Major Sanctions Escalation? Informed Sources Say Russian Bank Disconnected From SWIFT

by Paul Goncharoff, Russia Insider:

Rumors are swirling in Moscow that a Russian bank has been removed from SWIFT

What is the foreign policy game plan ranged against Russia? It looks like the first serious baby-steps to an existential sanctioned escalation may have just been quietly taken. It may very well be that the first Russian bank was disconnected from SWIFT. While I have not heard any confirmation, the word on the Moscow financial grapevine persists.

The Russian "Tempbank" (http://www.tempbank.ru/eng/) whose management has been individually sanctioned by the US for ongoing trade with Syria and Iran was disconnected from SWIFT according to apparently “informed sources". It seems after the sanctions were removed from Iran a while ago Tempbank went ahead and legally opened correspondent accounts with the Iranian Central Bank and a number of large banks of that country. It has further been rumored that the Tempbank chairperson, Mr. Mikhail Gagloyev received a letter from the "human rights" organization "Associations against the Nuclear Program of Iran" (UANI). This is an interesting organization in its own right. In the letter, UANI warned the Russian bank against cooperating with Iranian or Syrian companies. Meanwhile, the talk in the financial street was that the management of Tempbank was targeted for personal sanctions because of their cooperation with Iranian and Syrian businesses. If these reports are correct, then it follows that with the right amount of influence from the right sources, any Russian bank can be disconnected from SWIFT without much legal recourse or chitchat. This does not look to be a de-escalation of tensions. Then what other domino’s might follow, and to whose real advantage?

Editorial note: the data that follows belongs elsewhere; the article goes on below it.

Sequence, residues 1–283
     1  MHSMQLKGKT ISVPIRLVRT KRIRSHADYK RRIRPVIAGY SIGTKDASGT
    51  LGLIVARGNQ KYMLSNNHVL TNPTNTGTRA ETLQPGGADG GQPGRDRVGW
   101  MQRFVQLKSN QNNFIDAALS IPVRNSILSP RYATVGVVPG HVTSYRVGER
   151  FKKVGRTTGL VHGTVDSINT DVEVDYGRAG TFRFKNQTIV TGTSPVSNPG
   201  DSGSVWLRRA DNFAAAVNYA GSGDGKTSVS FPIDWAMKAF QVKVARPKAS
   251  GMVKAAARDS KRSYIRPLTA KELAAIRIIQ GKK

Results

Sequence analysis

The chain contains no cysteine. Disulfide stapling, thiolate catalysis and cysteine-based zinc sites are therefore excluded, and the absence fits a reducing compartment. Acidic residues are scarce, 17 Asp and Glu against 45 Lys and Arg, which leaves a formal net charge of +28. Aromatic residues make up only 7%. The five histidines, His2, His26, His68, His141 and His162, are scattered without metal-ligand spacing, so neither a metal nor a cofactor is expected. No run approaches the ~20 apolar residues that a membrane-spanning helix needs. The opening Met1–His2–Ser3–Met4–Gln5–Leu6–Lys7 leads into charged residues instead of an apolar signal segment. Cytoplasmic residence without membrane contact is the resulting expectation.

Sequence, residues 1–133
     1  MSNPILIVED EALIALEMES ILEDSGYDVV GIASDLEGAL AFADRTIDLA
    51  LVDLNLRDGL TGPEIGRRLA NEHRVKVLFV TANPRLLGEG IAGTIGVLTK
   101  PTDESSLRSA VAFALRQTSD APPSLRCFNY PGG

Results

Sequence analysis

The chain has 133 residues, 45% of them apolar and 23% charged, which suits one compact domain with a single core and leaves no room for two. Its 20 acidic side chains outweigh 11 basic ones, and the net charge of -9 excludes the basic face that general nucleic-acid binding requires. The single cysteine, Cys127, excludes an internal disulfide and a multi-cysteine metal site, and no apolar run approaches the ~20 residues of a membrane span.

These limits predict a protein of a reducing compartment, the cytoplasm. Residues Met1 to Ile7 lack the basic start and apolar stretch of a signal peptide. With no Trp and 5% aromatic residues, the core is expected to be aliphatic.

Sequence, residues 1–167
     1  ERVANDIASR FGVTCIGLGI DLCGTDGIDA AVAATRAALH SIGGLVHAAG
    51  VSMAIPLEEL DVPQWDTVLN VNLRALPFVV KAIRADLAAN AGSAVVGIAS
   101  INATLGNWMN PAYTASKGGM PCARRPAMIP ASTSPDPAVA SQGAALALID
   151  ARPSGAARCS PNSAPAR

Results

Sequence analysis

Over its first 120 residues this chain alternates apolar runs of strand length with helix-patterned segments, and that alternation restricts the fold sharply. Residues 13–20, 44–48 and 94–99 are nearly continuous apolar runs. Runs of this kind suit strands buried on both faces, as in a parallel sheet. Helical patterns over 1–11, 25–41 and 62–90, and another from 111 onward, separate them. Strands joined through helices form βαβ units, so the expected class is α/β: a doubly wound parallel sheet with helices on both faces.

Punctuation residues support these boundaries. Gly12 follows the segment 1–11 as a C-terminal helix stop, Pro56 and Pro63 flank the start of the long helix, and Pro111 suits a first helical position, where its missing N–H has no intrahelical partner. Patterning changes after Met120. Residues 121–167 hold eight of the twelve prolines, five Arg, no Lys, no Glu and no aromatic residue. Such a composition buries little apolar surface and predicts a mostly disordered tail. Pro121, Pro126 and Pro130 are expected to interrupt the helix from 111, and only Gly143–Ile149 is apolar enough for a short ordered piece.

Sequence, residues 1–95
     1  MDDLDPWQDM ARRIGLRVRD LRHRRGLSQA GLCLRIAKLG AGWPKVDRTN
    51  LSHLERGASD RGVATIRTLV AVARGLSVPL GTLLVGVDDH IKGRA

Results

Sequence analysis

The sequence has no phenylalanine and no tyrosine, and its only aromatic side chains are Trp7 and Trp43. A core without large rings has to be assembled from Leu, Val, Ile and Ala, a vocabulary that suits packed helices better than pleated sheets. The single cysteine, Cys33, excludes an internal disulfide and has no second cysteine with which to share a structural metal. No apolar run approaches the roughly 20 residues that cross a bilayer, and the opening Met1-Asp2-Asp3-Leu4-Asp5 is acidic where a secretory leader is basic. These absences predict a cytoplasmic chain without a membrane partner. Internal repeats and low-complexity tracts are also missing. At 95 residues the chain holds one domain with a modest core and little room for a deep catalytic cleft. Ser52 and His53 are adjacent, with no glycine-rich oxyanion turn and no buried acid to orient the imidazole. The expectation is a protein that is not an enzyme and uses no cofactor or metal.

While on the subject of money and banks. Governments are struggling to discover just the right fix to get a balance between controlling public debt, which now exceeds 110 per cent of GDP for the advanced economies, and boosting the rate of economic growth. The first goal requires quite a bit of budgetary tightening, while the second needs just the opposite. What is a government or central bank to do?

One option I overheard recently being discussed by some (very respectable) EU bankers recently imbibing vodka in Moscow is to restructure (i.e.; write off, disappear) part of the government debt that has been bought up by the central banks as a direct result of quantitative easing. Their logic was since both the government and the central bank are the public sector; a consolidated public sector balance sheet would net this debt out entirely. I paused and tried to puzzle this one out over my cappuccino as I stirred in my sweetener, but no bright lights illuminated my thinking. All I could come up with was a deep breath and a vision of hyperinflation spreading like diaper rash across the world’s financial backside.

Now consider what might happen if those bonds held by central banks were simply cancelled, instead of being sold at some point in the future back into the private sector as was initially dreamed up (before NIRP’s and ZIRP’s became household monikers). Should that happen the long-term restraining effect of bond sales would also be cancelled out, so theoretically there should be an immediate stimulatory effect on nominal demand in the economy. Theoretically. In fact, the central banks in both the USA, Japan and EU have purchased so much government and commercial debt since 2008 that the effects of such an action could be rather volatile putting it mildly. It follows also that the volatility of the financial markets would be even greater if instead of just cancelling past debt, the central bank were to agree with the government to further enhance financing increases in the budget deficit by printing even more money. We would then really be in a world of hurt, as the specter of “helicopter money” becomes reality. Say goodbye to pretending there is a firewall between monetary and fiscal policy. I wonder if this way of thinking has taken root at the Fed as well, time will tell no doubt.

Except in times of war, countries have not seriously considered unleashing such extreme actions. The hyperinflationary damage, which results from the elimination of central bank capital, has normally been considered too dangerous to let out of the financial cage.

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